Fri | Jan 19, 2018

Foreign fear - Local players livid over Honduran vessels fishing for lobster in Jamaican waters

Published:Sunday | June 19, 2016 | 12:00 AMChristopher Serju
A fisherman shows off a freshly caught lobster at the Old Harbour Fishing Beach, St Catherine.

Major players in the local fishing industry are again expressing concern that foreign fishermen are exploiting the Jamaican waters for lobster.

With the June 1 deadline for applications for industrial spiny lobster fishing licences now past, the players say they will be paying keen attention to see if the agriculture ministry will stick to its rule that only Jamaican-owned vessels will be allowed to fish for lobster.

"We will be looking to see if the boats are coming from Honduras again this year. You know that more than half the boats that receive licences are not here in Jamaica so we'll be looking and we will be asking the minister to look keenly at the situation," Roderick Francis, chief executive officer of B&D Trawling, told The Sunday Gleaner recently.

Francis and other players in the local fishing industry have long charged that Jamaican businessmen, acting in collusion with fishers mainly from Honduras, have been abusing they system.

SELLING LICENCES

They claim that the very lucrative lobster fishing licences are granted to Jamaicans who in turn sell these to foreigners.

However, AndrÈ Kong, director of fisheries in the Ministry of Industry, Commerce, Agriculture and Fishers, who grants the licences, says the accusations levelled against him, as well as his office, are unfair and untrue.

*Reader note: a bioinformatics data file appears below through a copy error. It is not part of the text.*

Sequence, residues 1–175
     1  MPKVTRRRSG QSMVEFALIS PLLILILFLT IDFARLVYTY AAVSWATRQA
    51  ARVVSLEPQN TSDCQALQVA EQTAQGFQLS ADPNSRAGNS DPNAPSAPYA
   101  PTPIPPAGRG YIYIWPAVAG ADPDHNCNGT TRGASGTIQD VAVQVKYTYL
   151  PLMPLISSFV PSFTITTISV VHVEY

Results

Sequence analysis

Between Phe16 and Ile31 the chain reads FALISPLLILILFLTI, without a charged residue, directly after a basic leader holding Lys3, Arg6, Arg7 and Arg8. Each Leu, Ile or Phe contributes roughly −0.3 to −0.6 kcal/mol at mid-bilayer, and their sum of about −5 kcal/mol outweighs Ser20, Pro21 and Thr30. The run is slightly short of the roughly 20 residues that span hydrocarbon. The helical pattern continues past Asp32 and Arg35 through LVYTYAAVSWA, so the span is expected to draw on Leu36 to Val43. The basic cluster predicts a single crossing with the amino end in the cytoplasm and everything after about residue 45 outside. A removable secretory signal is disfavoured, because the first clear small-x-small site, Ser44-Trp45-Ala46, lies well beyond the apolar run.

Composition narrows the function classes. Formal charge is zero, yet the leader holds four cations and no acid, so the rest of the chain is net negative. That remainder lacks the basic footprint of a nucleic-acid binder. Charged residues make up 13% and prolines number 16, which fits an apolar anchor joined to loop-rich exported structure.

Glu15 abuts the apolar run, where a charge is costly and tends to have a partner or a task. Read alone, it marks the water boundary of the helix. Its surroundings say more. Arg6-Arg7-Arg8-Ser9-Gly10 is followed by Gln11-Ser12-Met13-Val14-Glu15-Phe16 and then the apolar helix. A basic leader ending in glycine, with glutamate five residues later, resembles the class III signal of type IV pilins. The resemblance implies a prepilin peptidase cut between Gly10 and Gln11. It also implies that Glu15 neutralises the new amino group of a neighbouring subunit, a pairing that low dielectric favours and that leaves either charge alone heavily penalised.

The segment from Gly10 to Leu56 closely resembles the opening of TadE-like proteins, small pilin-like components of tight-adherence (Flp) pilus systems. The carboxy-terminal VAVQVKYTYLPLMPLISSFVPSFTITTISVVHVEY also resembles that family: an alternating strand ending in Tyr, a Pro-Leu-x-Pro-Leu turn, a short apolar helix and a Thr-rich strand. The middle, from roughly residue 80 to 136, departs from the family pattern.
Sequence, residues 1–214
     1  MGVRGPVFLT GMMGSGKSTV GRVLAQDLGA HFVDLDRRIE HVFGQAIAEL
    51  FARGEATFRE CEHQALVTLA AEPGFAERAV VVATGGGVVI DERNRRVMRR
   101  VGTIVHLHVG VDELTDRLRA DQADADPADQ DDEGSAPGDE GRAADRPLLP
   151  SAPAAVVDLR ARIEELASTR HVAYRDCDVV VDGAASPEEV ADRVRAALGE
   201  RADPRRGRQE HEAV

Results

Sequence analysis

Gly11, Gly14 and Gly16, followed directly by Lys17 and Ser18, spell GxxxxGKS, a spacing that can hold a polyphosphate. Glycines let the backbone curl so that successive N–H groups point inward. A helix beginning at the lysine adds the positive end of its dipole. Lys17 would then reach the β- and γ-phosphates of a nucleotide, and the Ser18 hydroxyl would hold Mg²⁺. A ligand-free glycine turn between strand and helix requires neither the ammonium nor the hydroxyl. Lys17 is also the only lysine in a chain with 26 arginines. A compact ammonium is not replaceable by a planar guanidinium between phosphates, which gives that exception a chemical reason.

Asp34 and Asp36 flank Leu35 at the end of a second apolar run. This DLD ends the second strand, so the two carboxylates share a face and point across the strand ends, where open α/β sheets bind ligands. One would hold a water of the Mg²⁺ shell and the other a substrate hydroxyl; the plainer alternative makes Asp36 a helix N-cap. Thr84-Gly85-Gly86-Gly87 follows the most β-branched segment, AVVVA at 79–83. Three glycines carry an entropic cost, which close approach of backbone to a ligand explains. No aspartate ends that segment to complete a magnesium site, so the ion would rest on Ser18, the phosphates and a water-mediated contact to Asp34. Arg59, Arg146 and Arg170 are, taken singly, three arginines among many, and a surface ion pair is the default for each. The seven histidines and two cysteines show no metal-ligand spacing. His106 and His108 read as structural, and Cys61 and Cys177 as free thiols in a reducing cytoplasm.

"People can talk and say what they want but before we register the vessel as a Jamaican vessel and give it a licence, they have to fulfil certain requirements under the Shipping Act.

"After they have fulfilled all of those requirements I cannot look behind an official certificate from the Maritime Authority of Jamaica (MAJ), which says that these vessels are registered Jamaican vessels and flying the Jamaican flag. I can't look behind that," argued Kong.

But Edmoreen Moodie, customer service liaison officer at the MAJ, says her organisation is only responsible for the registration of vessels, inasmuch it relates to their seaworthiness.

She said the licensing for specific purposes, such as commercial fishing or for use in the pleasure (tourism) industry, is still left up the relevant licensing authorities, such as the fisheries division or an agency of the tourism industry.

In addition, Jamaica's memorandum of understanding with other sovereign states allows for foreign vessels to fly the Jamaican flag, under certain conditions, but after registration with the MAJ these ships/boats are still subject to the due diligence of the licensing authority, a process in which her organisation is not involved.

"If someone from another country comes to Jamaican to register their boat for commercial activity we register it, we don't issue licences, we just register vessels.

"However, if after registering your vessel commercially, and if you want to operate in the tourist industry, certainly you would have to go TPDCo (Tourism Product Development Company) or the tourism ministry's office to get their requirements, in order for them to issue a licence.

"And so the same in the fishing industry, whether they're fishing for conch, lobster or fish because our registration is really a requirement in order to ensure that your vessel is safe. We are not in the licence issuing any at all," said Moodie.